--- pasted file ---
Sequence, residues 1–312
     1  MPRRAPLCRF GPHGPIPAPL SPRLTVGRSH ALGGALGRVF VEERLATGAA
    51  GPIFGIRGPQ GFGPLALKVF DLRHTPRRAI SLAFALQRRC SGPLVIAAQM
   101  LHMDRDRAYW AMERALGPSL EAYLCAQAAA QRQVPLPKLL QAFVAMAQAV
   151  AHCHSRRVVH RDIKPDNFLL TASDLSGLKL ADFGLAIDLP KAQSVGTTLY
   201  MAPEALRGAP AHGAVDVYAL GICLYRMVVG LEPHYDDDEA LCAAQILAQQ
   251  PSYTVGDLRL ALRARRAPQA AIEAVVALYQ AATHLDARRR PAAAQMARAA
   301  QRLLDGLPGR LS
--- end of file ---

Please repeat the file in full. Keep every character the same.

Sequence, residues 1–312
     1  MPRRAPLCRF GPHGPIPAPL SPRLTVGRSH ALGGALGRVF VEERLATGAA
    51  GPIFGIRGPQ GFGPLALKVF DLRHTPRRAI SLAFALQRRC SGPLVIAAQM
   101  LHMDRDRAYW AMERALGPSL EAYLCAQAAA QRQVPLPKLL QAFVAMAQAV
   151  AHCHSRRVVH RDIKPDNFLL TASDLSGLKL ADFGLAIDLP KAQSVGTTLY
   201  MAPEALRGAP AHGAVDVYAL GICLYRMVVG LEPHYDDDEA LCAAQILAQQ
   251  PSYTVGDLRL ALRARRAPQA AIEAVVALYQ AATHLDARRR PAAAQMARAA
   301  QRLLDGLPGR LS